When the chapter title refers to Slaves of the Rising Sun, I guess it means J. Carol Naish’s traitorous American henchmen. They really don’t do anything; well, Robert Fiske argues with Naish about Japan’s chances in the war to ill result, but otherwise, they don’t really do anything. They don’t even get enough personality to be yes men.
After yet another weak cliffhanger resolution, Rising Sun sets up the chapter’s action. Shirley Patterson is going to a mystic to find her missing uncle. She asks Lewis Wilson to go with, but he acts the foppish playboy so he can secretly go as Batman and save the day. See, he’s realized it’s a trap for Patterson and he wants to find out more about Naish’s gang (even though he doesn’t know anything about Naish).
Doesn’t quite work out in Wilson’s favor so he and Douglas Croft end up chasing some bad guys.
It’s not a terrible car chase at the end; like much of Hillyer’s action direction, it goes perfectly fine until all of a sudden Hillyer fumbles on something and the serial can’t recover. The turning point in Rising Sun is when Batman climbs down into the cab of the bad guy’s truck and the driver just watches him without reacting. He must be a cautious driver.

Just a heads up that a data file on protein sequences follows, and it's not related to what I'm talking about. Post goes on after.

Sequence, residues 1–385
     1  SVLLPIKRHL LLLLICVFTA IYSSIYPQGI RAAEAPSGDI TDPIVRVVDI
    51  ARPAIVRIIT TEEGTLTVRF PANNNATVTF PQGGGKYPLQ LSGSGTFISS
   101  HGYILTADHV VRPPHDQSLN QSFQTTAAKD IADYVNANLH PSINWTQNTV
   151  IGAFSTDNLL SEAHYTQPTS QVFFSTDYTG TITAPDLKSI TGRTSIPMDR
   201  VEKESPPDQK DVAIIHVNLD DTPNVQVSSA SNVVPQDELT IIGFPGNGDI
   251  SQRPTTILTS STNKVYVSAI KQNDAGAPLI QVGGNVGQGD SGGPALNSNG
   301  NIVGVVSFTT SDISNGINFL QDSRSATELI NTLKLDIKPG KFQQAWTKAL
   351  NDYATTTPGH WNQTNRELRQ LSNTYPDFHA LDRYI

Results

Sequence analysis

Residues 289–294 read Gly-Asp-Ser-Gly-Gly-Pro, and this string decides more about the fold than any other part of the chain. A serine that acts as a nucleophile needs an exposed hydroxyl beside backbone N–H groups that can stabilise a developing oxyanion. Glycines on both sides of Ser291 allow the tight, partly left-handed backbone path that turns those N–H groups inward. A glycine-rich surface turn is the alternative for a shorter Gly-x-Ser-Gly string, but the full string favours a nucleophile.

Also of interest? Once again, the cliffhanger resolution establishes Batman has committed manslaughter in his derring-do. Wilson–though Croft too to some degree–are inordinately incompetent as crimefighters.
Directed by Lambert Hillyer; screenplay by Victor McLeod, Leslie Swabacker, and Harry L. Fraser, based on characters created by Bob Kane and Bill Finger; director of photography, James S. Brown Jr.; edited by Dwight Caldwell and Earl Turner; music by Lee Zahler; produced by Rudolph C. Flothow; released by Columbia Pictures.
Starring Lewis Wilson (Batman / Bruce Wayne), Douglas Croft (Robin / Dick Grayson), Shirley Patterson (Linda Page), William Austin (Alfred Pennyworth), Robert Fiske (Foster), and J. Carrol Naish (Dr. Daka).